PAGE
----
One question we’ve never asked ourselves, because, honestly, it’s never come up, is “what happens when an elite distance runner gets called to jury duty when he’s supposed to be out of the country for one of his biggest paydays of the year, and court officials just aren’t buying his excuse?”
It’s probably happened before, though, and it’s happening right now to Ryan Vail, who was the top American in the 2013 New York City Marathon at 2:13:23.
Vail, who ran a career best of 2:11:45 in Fukuoka in 2012, is an elite entrant in April 13 London Marathon. He’ll be leaving for Europe and will be leaving for Europe on April 3, heading first to the home of his wife's family in Prague and then moving on to London.
Problem is, Oregon’s Multnomah County, which includes the city of Portland, wants him to appear for jury duty on April 10.
Vail Tweeted on March 10 that “the excuse that I’ll be out of the country for the London Marathon was denied for jury duty … guess they’ll have to arrest me when I return.”
Well, it probably won’t come to that, but Vail is not atypical of itinerant professional runners who make a living journeying to faraway places for racing and training.
“They asked me a few times in the past and I’ve always gotten it deferred,” Vail says of the county court system. “Either I’ve been out of town or had training to do.
“They attach a form to it [the summons] which you can fill out. I filled it out with 'I’ll be in Europe for the London Marathon,'” Vail told Runner’s World Newswire. "You have a box to check that says ‘this will cause me financial hardship,’ and I explained ‘this will be a big percentage of my yearly income, so I can’t afford to miss this.’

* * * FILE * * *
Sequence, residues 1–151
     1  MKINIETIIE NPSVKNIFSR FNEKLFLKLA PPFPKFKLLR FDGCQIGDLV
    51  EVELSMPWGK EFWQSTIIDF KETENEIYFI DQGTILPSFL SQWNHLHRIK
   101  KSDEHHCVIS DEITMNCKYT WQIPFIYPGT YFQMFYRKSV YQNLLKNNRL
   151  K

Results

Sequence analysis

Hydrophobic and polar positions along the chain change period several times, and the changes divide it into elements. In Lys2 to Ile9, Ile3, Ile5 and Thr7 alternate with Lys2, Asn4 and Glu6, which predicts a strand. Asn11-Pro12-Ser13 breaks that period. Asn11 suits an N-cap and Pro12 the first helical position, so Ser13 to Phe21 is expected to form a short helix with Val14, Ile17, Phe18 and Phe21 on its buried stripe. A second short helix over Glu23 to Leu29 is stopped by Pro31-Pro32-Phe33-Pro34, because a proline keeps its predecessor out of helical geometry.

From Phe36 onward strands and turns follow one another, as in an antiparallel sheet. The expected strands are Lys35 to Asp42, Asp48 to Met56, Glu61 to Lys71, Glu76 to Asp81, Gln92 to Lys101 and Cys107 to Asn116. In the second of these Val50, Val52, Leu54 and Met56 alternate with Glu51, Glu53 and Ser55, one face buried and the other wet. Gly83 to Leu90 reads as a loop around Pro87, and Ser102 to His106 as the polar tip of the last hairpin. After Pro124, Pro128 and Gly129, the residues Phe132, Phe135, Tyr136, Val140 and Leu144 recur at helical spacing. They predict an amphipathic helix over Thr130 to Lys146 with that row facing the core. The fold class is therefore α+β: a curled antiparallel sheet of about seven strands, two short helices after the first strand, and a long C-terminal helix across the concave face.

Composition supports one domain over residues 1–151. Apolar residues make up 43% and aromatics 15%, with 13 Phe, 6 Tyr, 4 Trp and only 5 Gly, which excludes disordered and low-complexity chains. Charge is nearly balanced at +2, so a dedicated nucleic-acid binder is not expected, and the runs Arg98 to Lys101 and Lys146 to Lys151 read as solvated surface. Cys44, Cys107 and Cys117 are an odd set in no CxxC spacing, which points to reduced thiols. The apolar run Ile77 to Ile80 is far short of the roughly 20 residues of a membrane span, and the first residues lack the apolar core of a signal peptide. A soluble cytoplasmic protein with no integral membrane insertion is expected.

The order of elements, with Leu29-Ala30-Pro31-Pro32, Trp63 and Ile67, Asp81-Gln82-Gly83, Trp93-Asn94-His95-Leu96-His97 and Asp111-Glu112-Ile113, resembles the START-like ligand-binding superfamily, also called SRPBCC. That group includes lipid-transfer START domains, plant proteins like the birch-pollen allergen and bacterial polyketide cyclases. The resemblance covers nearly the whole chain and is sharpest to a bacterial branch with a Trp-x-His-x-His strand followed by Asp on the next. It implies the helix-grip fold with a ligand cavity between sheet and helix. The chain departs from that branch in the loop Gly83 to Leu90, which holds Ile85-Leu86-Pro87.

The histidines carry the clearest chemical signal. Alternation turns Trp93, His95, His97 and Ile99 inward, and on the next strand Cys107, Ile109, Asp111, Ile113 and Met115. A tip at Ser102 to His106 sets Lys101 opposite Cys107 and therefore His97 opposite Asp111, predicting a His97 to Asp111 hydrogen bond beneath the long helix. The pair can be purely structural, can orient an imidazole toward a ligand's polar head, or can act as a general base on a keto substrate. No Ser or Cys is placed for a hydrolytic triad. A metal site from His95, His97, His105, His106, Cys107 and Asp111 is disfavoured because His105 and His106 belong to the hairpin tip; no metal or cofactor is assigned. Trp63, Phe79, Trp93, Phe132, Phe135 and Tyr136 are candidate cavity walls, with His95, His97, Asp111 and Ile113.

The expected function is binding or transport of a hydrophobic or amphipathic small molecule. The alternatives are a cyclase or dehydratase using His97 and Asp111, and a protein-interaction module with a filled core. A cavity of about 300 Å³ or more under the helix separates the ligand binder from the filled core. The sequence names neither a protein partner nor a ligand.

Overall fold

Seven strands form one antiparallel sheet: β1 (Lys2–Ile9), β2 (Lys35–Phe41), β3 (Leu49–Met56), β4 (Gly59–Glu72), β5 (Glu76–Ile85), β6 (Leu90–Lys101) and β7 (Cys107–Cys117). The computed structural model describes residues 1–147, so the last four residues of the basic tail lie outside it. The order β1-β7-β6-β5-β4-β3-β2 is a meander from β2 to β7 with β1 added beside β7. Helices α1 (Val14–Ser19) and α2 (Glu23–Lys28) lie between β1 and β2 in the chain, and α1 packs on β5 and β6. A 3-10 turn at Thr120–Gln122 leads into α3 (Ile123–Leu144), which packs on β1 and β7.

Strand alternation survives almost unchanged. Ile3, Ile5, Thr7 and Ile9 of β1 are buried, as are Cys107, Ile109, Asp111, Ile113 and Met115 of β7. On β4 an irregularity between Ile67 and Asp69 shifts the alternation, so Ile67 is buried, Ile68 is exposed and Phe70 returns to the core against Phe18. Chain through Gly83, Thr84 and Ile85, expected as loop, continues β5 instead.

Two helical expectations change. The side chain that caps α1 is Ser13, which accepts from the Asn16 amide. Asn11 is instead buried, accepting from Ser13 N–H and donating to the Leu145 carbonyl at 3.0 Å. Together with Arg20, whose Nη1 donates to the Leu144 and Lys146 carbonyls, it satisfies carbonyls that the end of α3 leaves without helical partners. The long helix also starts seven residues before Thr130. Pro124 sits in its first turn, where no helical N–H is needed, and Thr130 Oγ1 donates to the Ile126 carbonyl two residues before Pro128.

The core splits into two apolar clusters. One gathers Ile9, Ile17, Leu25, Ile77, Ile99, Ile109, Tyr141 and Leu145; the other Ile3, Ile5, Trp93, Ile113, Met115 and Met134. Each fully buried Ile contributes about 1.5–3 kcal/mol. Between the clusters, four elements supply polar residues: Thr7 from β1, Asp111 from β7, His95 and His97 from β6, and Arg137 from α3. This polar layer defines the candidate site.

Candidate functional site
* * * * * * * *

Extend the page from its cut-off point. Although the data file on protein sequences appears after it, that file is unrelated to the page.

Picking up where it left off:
“So I requested deferral, and I got a letter back a few days ago in the mail saying they were going to deny my request and I had to show up on my original date.”
Vail, who defeated Abdi Abdirahman in the Gasparilla Distance Classic half marathon in Tampa on February 23, called the county court office on March 10.
“They’re open pretty limited hours. I got through and they said I needed to send in a second letter, basically with the same information from the first, I suppose, and documentation supporting it.’ And then ten specific dates from when I return from Europe when I can do jury duty. They’re really trying to lock me into it.
“I’m not worried about it. At this point, it’s out of my hands. I’m not stressed about it,” says Vail. “I’m just surprised they’ve put me through as much trouble as they have already.
Even if he serves in May or June, “it’s hard,” says Vail, “because you have to go in at 8 in the morning and it could be an all-day thing. I’ll probably be training at the time. I’ll still probably do my best to keep deferring it at that time if I can, to be honest, just for that reason – and also the possibility of getting locked into a trial that last more than two days they require you to be there.”
Whatever the case, Vail figures, “I’m going to do my best to keep getting out of it.”